Banana Island

Walkng around Banana Island with Mr David Jones, one of its charismatic school teachers, is both entertaining and fascinating. Clearly in love with his island, Mr Jones leads you to the historic sites giving an impromptu, knowledgeable account of the days when the island was a slave trade post.  Mr Jones’ discourse is both insightful and entertaining, even when bringing real depth to the terrible things that happened on the island in the past when it was a post for the slave trade. 

He shows off the oldest church on the Island built for the slave traders and muses about the irony that people involved in such an abhorent abuse of human beings could simultaneously require that they had their god’s approval. Mr Jones is an ordained minister as well as a teacher and he preaches in that same church now.

Mr Jones’ tour of the island includes a visit to sites of natural beauty that are so breathtaking that they defy superlatives to describe them adequately. He will tell any visitor that this is the most beautiful island in the world and he has convincing facts, figures and physical demonstrations to back up this claim. Certainly looking around the rich variety of flora and fauna and hearing and seeing evidence of abundant wildlife, it is hard to disagree.

Following a visit to Banana Island overwhelming impressions left on the mind  include:

hundreds of butterflies fluttering around in the dappled sunlight filtering through the tall, tall trees,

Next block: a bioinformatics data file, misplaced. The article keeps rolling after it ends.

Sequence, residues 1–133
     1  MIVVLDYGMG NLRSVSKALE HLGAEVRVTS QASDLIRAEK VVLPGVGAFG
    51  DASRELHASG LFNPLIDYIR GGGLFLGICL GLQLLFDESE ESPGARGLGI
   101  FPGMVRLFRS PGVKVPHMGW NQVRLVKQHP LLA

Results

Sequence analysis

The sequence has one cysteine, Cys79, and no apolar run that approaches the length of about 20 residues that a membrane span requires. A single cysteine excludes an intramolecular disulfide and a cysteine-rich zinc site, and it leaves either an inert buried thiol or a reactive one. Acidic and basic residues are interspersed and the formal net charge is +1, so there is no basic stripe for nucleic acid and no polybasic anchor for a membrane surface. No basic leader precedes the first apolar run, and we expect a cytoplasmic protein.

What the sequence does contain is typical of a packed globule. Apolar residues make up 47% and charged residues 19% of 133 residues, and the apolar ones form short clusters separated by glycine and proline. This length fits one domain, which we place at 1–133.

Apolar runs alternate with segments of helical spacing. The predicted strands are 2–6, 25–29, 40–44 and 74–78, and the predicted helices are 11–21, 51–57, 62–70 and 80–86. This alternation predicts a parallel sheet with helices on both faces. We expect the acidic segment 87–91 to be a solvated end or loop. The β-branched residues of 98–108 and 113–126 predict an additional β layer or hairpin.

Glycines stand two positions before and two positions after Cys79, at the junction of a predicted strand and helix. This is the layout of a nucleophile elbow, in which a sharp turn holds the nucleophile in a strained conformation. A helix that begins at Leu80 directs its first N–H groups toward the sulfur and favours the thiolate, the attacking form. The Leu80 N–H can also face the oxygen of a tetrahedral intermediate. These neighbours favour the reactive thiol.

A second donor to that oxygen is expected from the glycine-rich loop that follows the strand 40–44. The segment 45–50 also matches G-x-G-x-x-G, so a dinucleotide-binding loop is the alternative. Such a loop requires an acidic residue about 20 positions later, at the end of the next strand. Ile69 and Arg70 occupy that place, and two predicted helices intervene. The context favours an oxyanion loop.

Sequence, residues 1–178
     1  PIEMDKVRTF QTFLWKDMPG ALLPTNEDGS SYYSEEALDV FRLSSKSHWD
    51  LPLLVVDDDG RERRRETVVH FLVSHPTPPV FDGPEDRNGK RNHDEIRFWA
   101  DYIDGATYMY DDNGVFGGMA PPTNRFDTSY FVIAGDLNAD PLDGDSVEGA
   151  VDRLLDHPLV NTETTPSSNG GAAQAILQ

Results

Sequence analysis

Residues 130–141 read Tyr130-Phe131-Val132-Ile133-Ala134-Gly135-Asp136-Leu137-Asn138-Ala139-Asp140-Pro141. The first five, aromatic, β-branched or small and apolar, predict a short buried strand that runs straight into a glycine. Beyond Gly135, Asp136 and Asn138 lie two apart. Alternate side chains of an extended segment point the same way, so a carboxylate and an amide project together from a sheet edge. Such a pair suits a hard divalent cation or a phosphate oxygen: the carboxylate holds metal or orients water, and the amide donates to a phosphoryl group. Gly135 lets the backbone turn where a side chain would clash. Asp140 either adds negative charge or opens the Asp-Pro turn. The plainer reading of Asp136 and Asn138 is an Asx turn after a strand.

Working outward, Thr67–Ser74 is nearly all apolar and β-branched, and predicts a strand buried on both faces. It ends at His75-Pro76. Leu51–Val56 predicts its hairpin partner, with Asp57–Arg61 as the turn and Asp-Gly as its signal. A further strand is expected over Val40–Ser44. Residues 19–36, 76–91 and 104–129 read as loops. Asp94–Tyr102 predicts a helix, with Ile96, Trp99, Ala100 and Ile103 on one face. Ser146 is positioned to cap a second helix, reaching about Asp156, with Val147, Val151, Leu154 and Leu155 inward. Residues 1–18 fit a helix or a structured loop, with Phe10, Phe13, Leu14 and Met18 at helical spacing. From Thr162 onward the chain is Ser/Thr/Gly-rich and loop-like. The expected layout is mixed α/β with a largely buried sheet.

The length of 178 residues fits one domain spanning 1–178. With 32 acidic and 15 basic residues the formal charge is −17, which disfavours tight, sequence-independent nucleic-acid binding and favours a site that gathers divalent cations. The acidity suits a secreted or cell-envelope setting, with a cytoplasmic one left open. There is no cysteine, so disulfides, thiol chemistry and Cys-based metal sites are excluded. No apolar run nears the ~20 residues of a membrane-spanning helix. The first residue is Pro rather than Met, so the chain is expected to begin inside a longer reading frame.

the sound of the honey bees being the noisiest thing on the island (That means it is between 3.00 and 4.00 o’clock Mr Jones said informatively),

the most gorgious swimming and snorkelling bays with the waters teaming with marine life,

friendly, friendly people with time to meet and greet a visitor, (“one love” said an elderly woman after an exchange of greetings),

a strong  and intellegent headwoman determined to develope the village community for the benefit of the future generations,

peace and tranquility, there are no motor vehicles on the island there isn’t even a bycicle,

a history that spans the horrors of the slave trade, the abolition of that trade and the triumphant return and settlement of former slaves who had survived American slavery and a war (the slaves were promised freedom if they fought for the British against the American revolutionaries), British slavery in Jamaica, and several harsh winters and a treacherous winter  passage home by ship, to Africa .

Facitilties on the island include a restaurant, bar and chalet accommodation on the island run by the Banan Island Youth Association. Check out their website at